Another interesting part is Aczel’s analysis of Bourbaki’s end. In the late 50ties, Grothendieck tried to convince his fellow Bourbakis to redo their work on the foundations of mathematics, changing these from set theory to category theory. He failed as others felt that the foundations had already been laid and there was no going back. Grothendieck left, and Bourbaki would gradually decline following its refusal to accept new methods. In Grothendieck’s own words (in “Promenade” 63, n. 78, as translated by Aczel) :

“Additionally, since the 1950s, the idea of structure has become passé, superseded by the influx of new ‘categorical’ methods in certain of the most dynamical areas of mathematics, such as topology or algebraic geometry. (Thus, the notion of ‘topos’ refuses to enter into the ‘Bourbaki sack’ os structures, decidedly already too full!) In making this decision, in full cognizance, not to engage in this revision, Bourbaki has itself renounced its initial ambition, which has been to furnish both the foundations and the basic language for all of modern mathematics.”

Finally, it is interesting to watch Aczel’s own transformation throughout the book, from slavishly copying the existing Weil-myths and pranks at the beginning of the book, to the following harsh criticism on Weil, towards the end (p. 209) :

“From other information in his autobiography, one gets the distinct impression that Weil was infatuated with the childish pranks of ‘inventing’ a person who never existed, creating for him false papers and a false identity, complete with a daughter, Betti, who even gets married, parents and relatives, and membership in a nonexistent Academy of Sciences of the nonexistent nation of Polvedia (sic).
Weil was so taken with these activities that he even listed, as his only honor by the time of his death ‘Member, Poldevian Academy of Sciences’. It seems that Weil could simply not go beyond these games: he could not grasp the deep significance and power of the organization he helped found. He was too close, and thus unable to see the great achievements Bourbaki was producing and to acknowledge and promote these achievements. Bourbaki changed the way we do mathematics, but Weil really saw only the pranks and the creation of a nonexistent person.”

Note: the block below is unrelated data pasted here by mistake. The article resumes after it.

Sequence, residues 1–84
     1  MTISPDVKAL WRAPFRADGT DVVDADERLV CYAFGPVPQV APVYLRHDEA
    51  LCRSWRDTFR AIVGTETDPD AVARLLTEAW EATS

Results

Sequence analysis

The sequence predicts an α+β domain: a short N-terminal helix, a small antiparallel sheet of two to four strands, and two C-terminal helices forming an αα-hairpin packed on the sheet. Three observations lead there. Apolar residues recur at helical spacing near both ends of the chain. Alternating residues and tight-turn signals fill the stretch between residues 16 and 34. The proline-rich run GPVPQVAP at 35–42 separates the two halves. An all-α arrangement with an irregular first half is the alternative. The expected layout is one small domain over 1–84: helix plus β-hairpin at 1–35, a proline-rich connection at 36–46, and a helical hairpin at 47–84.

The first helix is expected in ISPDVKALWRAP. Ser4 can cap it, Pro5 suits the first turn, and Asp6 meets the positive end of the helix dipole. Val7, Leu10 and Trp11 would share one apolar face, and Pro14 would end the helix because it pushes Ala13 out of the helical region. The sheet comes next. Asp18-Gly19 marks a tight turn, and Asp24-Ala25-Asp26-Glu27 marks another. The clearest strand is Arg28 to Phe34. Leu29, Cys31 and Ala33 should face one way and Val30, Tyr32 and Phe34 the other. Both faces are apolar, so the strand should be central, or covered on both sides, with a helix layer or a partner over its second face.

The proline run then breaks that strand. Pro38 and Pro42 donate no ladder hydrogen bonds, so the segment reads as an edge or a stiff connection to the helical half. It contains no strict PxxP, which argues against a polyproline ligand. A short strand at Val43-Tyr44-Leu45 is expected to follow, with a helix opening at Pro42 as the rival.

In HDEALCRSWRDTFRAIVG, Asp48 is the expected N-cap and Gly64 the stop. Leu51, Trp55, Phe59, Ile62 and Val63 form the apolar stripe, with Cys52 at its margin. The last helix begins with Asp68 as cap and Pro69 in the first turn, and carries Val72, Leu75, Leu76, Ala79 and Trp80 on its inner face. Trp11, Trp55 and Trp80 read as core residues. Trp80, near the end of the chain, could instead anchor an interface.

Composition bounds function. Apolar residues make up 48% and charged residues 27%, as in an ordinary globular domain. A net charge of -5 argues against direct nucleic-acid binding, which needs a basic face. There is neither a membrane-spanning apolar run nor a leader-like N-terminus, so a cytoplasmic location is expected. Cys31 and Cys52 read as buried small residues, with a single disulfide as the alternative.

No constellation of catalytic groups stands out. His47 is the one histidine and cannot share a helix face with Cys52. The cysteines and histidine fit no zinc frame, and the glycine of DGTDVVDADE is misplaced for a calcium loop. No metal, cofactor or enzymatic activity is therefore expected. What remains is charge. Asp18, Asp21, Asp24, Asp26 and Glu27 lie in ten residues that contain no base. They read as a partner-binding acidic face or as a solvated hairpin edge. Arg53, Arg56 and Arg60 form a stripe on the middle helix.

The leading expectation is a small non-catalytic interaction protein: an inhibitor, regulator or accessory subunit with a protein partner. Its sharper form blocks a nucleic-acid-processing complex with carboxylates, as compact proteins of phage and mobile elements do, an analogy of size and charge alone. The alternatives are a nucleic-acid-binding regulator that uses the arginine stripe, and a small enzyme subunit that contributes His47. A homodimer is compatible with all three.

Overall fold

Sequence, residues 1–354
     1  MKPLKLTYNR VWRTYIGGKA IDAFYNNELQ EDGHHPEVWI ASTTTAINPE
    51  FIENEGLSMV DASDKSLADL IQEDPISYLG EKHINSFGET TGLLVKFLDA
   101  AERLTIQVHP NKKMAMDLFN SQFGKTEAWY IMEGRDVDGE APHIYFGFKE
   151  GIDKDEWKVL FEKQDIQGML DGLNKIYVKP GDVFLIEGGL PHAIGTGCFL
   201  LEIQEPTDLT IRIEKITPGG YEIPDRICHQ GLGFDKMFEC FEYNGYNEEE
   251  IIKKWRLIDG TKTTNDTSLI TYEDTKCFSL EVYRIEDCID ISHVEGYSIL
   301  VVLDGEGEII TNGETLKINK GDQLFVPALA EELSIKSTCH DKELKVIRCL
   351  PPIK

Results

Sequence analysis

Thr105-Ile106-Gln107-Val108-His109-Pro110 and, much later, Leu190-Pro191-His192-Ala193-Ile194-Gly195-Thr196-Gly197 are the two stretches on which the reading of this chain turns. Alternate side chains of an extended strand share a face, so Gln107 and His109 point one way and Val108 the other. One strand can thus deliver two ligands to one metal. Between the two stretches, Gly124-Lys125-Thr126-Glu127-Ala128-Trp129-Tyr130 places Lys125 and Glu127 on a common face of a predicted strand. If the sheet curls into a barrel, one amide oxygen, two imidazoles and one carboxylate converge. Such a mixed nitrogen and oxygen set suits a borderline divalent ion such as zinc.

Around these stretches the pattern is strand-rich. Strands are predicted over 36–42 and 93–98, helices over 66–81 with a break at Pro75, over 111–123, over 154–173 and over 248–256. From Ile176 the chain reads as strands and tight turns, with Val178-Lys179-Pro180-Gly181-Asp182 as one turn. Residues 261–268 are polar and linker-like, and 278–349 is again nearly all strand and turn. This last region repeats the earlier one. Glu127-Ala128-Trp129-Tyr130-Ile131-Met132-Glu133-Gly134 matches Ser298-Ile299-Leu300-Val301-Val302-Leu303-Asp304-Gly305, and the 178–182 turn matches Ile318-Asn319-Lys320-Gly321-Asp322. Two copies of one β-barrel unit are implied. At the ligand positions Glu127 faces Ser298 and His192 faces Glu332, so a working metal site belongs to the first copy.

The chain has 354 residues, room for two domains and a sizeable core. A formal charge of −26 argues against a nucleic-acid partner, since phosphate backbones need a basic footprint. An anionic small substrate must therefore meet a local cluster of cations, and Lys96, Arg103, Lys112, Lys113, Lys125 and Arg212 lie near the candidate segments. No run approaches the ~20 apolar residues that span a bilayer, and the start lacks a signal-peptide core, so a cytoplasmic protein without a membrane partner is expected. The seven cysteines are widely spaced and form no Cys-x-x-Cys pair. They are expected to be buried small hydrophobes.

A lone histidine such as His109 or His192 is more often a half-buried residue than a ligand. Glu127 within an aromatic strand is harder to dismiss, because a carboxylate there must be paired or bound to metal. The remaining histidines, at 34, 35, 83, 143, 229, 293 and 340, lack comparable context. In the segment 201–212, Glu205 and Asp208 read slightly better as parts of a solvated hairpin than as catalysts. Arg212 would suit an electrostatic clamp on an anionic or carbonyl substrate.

Judging from my own reluctance to continue with the series on the Bourbaki code, an overdose reading about Weil’s life appears to have this effect on people…

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Mazur’s knotty dictionary

In the previous posts, we have depicted the ‘arithmetic line’, that is the prime numbers, as a ‘line’ and individual primes as ‘points’.

However, sometime in the roaring 60-ties, Barry Mazur launched the crazy idea of viewing the affine spectrum of the integers, $\mathbf{spec}(\mathbb{Z}) $, as a 3-dimensional manifold and prime numbers themselves as knots in this 3-manifold…

After a long silence, this idea was taken up recently by Mikhail Kapranov and Alexander Reznikov (1960-2003) in a talk at the MPI-Bonn in august 1996. Pieter Moree tells the story in his recollections about Alexander (Sacha) Reznikov in Sipping Tea with Sacha : “Sasha’s paper is closely related to his paper where the analogy of covers of three-manifolds and class field theory plays a big role (an analogy that was apparently first noticed by B. Mazur). Sasha and Mikhail Kapranov (at the time also at the institute) were both very interested in this analogy. Eventually, in August 1996, Kapranov and Reznikov both lectured on this (and I explained in about 10 minutes my contribution to Reznikov’s proof). I was pleased to learn some time ago that this lecture series even made it into the literature, see Morishita’s ‘On certain analogies between knots and primes’ J. reine angew. Math 550 (2002) 141-167.”

Here’s a part of what is now called the Kapranov-Reznikov-Mazur dictionary :

What is the rationale behind this dictionary? Well, it all has to do with trying to make sense of the (algebraic) fundamental group $\pi_1^{alg}(X) $ of a general scheme $X $. Recall that for a manifold $M $ there are two different ways to define its fundamental group $\pi_1(M) $ : either as the closed loops in a given basepoint upto homotopy or as the automorphism group of the universal cover $\tilde{M} $ of $M $.